Tungsten Corp PLC’s Losses Grow As The Company Struggles

Tungsten Corp PLC (LON: TUNG) is struggling to turn a profit.

The content of this article was relevant at the time of publishing. Circumstances change continuously and caution should therefore be exercised when relying upon any content contained within this article.

When investing, your capital is at risk. The value of your investments can go down as well as up and you may get back less than you put in.

Read More

The content of this article is provided for information purposes only and is not intended to be, nor does it constitute, any form of personal advice. Investments in a currency other than sterling are exposed to currency exchange risk. Currency exchange rates are constantly changing, which may affect the value of the investment in sterling terms. You could lose money in sterling even if the stock price rises in the currency of origin. Stocks listed on overseas exchanges may be subject to additional dealing and exchange rate charges, and may have other tax implications, and may not provide the same, or any, regulatory protection as in the UK.

You’re reading a free article with opinions that may differ from The Motley Fool’s Premium Investing Services. Become a Motley Fool member today to get instant access to our top analyst recommendations, in-depth research, investing resources, and more. Learn More.

Shares in struggling financial services company Tungsten (LSE: TUNG) slumped by as much as 10% in early trade this morning, after the company reported a wider than expected loss for the six months ended 31 October 2015. 

However, at time of writing Tungsten’s shares had recovered some of their early losses after the group announced that it had reached an agreement to sell Tungsten Bank for approximately £30m in cash, following a previously announced strategic review. The consideration represents net assets of £25.4m plus a premium.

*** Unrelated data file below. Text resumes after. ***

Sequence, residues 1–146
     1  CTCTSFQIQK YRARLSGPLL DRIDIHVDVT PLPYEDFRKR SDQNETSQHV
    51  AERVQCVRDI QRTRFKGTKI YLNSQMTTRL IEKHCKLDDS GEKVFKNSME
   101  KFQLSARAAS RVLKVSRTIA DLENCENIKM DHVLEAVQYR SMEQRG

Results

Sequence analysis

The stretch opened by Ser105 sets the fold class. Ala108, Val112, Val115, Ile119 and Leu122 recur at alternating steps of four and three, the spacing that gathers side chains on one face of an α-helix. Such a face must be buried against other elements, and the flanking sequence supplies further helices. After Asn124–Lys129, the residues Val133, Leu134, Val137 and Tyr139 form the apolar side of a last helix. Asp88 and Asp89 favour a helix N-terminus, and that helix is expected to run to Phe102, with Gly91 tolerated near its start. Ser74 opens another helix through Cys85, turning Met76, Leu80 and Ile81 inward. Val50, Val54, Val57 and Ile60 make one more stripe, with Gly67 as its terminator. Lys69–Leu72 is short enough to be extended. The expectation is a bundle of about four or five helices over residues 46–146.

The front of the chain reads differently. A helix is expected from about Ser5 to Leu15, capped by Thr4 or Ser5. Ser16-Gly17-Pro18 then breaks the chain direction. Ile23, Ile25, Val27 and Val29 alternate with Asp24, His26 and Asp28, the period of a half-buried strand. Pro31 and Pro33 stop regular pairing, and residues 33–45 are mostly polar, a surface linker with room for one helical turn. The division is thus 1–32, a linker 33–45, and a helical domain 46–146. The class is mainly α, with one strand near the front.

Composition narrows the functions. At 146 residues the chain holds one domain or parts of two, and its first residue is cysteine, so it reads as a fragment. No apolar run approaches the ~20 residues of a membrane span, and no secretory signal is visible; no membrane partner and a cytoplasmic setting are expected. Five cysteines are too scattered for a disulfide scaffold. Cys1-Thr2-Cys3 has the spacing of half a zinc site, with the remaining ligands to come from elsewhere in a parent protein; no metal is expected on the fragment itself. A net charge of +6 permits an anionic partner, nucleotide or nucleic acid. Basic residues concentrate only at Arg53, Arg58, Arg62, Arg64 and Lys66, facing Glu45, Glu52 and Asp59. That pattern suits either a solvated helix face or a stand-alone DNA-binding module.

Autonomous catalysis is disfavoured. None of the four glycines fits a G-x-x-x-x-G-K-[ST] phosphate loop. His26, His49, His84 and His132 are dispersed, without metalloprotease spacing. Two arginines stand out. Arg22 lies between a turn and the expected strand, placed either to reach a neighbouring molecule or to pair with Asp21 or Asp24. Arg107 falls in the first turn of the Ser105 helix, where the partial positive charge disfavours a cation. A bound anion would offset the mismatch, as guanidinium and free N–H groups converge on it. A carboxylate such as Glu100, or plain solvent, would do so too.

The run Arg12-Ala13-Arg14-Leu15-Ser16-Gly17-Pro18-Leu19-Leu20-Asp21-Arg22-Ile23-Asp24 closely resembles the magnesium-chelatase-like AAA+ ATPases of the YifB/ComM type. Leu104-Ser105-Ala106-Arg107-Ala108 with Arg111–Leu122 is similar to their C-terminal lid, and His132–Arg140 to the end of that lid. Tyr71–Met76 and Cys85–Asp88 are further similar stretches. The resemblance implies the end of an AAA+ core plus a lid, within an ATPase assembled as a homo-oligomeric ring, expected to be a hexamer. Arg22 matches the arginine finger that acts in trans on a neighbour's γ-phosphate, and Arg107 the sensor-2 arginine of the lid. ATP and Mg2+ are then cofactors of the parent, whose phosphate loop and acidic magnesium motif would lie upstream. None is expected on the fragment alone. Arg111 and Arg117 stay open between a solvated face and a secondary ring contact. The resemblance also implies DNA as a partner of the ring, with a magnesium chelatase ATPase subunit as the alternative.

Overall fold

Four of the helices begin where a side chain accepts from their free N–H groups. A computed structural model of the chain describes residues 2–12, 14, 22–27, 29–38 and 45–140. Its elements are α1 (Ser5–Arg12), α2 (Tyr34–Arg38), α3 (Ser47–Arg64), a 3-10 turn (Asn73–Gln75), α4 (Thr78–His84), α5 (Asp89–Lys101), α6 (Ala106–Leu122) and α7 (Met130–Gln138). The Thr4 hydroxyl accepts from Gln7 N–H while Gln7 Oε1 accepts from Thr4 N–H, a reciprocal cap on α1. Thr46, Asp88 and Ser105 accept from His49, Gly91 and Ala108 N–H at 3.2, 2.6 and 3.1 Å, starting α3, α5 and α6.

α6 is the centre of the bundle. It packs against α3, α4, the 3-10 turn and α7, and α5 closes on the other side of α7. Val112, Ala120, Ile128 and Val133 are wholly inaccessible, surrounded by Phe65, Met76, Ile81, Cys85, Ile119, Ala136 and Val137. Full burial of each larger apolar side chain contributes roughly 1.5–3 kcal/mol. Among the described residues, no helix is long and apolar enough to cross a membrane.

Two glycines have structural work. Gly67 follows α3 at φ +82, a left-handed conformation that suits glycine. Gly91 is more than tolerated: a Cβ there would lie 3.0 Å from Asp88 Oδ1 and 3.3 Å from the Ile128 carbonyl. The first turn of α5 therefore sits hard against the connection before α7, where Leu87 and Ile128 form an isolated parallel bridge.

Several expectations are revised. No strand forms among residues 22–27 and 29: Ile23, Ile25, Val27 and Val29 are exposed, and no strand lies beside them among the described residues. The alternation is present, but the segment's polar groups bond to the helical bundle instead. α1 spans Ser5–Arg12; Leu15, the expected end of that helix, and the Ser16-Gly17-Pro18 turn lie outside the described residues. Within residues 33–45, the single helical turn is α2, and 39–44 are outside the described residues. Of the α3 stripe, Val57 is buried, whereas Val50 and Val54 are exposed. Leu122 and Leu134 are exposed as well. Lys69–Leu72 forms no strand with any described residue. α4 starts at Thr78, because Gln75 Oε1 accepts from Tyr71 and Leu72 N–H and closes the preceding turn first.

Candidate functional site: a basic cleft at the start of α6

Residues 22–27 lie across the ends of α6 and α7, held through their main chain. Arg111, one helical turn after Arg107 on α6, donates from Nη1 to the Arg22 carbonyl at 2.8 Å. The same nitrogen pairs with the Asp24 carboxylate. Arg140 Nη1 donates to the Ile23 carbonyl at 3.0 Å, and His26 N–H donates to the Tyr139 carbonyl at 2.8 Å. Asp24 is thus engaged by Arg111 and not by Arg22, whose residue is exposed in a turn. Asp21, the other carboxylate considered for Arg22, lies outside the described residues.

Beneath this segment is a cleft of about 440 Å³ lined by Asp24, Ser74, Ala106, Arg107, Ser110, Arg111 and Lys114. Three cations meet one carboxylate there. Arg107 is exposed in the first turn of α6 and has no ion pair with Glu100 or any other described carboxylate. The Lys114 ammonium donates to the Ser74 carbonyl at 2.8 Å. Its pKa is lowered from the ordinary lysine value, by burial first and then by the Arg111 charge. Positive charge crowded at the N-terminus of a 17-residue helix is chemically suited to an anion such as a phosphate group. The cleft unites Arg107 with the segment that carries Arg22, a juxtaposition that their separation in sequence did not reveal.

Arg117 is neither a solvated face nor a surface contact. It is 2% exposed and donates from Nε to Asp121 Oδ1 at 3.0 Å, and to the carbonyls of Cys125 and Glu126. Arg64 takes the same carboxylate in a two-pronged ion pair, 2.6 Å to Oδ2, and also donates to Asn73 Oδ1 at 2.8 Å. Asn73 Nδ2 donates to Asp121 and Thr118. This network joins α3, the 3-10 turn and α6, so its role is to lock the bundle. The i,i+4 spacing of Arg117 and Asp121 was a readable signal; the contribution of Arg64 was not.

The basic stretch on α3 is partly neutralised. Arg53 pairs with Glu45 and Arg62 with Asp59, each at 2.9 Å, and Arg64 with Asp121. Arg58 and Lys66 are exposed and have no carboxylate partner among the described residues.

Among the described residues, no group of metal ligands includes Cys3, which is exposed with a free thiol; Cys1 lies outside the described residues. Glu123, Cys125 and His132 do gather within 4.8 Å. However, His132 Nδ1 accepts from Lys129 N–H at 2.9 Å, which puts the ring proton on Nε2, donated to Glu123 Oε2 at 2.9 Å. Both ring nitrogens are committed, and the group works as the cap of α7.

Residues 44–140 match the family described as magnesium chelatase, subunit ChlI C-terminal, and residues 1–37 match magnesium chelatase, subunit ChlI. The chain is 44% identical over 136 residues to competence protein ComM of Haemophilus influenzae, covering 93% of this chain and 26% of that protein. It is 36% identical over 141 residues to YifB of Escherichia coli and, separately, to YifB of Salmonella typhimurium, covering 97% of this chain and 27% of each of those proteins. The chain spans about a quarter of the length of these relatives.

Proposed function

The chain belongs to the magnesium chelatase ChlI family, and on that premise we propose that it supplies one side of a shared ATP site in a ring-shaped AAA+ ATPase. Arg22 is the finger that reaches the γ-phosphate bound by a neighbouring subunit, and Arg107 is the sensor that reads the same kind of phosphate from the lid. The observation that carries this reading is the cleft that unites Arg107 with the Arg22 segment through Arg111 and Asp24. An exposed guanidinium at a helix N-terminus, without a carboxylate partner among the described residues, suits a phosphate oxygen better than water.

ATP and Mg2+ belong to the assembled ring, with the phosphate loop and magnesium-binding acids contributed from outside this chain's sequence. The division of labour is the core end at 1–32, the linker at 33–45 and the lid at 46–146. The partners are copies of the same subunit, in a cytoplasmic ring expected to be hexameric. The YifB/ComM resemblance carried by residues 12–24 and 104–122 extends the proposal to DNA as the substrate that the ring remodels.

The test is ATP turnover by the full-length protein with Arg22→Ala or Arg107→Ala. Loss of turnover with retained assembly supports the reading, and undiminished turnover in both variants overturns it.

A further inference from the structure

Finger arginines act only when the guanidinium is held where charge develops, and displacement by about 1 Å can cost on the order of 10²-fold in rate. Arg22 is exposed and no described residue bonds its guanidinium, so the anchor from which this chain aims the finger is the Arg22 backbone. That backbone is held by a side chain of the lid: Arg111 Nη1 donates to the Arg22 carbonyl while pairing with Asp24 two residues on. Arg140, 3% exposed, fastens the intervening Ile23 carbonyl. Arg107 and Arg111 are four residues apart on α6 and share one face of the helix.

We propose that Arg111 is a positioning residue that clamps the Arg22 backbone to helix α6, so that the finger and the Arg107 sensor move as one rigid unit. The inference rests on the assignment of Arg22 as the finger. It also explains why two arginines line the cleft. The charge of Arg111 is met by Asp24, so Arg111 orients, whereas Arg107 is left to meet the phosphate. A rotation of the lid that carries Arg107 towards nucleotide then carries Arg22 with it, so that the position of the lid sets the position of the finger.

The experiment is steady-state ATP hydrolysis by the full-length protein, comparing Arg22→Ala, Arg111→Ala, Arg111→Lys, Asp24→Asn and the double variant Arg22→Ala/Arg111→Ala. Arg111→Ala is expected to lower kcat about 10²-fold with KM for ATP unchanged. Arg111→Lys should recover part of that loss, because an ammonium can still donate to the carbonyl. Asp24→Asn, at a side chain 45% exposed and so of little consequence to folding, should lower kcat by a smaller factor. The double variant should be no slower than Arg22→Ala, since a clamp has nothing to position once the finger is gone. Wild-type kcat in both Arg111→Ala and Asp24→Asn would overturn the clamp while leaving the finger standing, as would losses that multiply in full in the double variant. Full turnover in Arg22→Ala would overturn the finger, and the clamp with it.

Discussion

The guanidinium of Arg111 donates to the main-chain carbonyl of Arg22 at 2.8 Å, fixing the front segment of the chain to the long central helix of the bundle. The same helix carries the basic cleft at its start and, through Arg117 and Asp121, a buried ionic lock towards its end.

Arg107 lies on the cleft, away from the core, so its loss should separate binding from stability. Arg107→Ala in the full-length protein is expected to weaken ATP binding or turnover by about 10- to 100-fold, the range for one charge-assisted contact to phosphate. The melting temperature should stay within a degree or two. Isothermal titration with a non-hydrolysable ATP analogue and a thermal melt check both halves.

Commenting on the disposal, Richard M. Hurwitz, Chief Executive Officer said: 

“We have undertaken a thorough self-assessment of all aspects of our business, which has given us great clarity on the strategic outcomes we desire and the paths we will take to achieve them… The management team can now concentrate on Tungsten’s core businesses as we look to create the world’s most trusted business transaction network.”

But while the sale of Tungsten’s controversial banking division is relatively good news, Tungsten’s figures for the six months to the end of October are hardly anything to get excited about. 

Losses growing 

For the reported period, Tungsten’s revenue rose 28% to £13.1m and the group’s earnings before interest, tax, depreciation and amortisation improved by £3.7m to £9.5m. However, the group’s loss after tax rose to £17.6m, compared to £14.7m reported a year ago. 

Group net cash and cash equivalents were £39.7m at the end of October, although it’s unclear how much of this cash belonged to Tungsten Bank. Still, when the sale of the bank closes, Tungsten will receive a much needed cash infusion of £30m.

Nonetheless, it’s clear from Tungsten’s half-year report that the company is making progress. The company boasts that during the period it signed nearly 500 new integrated supplier customers, worth £0.5m in first-year revenues, and a further 13,000 web form suppliers.